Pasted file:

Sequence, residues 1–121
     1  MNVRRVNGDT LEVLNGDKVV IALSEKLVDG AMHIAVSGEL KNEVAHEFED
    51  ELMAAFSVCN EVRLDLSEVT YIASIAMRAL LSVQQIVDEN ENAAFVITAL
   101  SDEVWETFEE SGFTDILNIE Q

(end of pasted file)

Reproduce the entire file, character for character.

Sequence, residues 1–121
     1  MNVRRVNGDT LEVLNGDKVV IALSEKLVDG AMHIAVSGEL KNEVAHEFED
    51  ELMAAFSVCN EVRLDLSEVT YIASIAMRAL LSVQQIVDEN ENAAFVITAL
   101  SDEVWETFEE SGFTDILNIE Q